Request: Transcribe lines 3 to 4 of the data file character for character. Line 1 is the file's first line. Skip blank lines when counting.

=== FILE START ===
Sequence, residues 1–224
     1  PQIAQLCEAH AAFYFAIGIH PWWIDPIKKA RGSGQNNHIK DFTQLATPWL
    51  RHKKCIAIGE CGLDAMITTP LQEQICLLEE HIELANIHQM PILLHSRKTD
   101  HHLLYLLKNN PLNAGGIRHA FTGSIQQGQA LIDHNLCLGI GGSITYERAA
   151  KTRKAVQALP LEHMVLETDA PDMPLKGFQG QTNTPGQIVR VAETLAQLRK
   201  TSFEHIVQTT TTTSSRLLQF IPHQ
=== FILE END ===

    51  RHKKCIAIGE CGLDAMITTP LQEQICLLEE HIELANIHQM PILLHSRKTD
   101  HHLLYLLKNN PLNAGGIRHA FTGSIQQGQA LIDHNLCLGI GGSITYERAA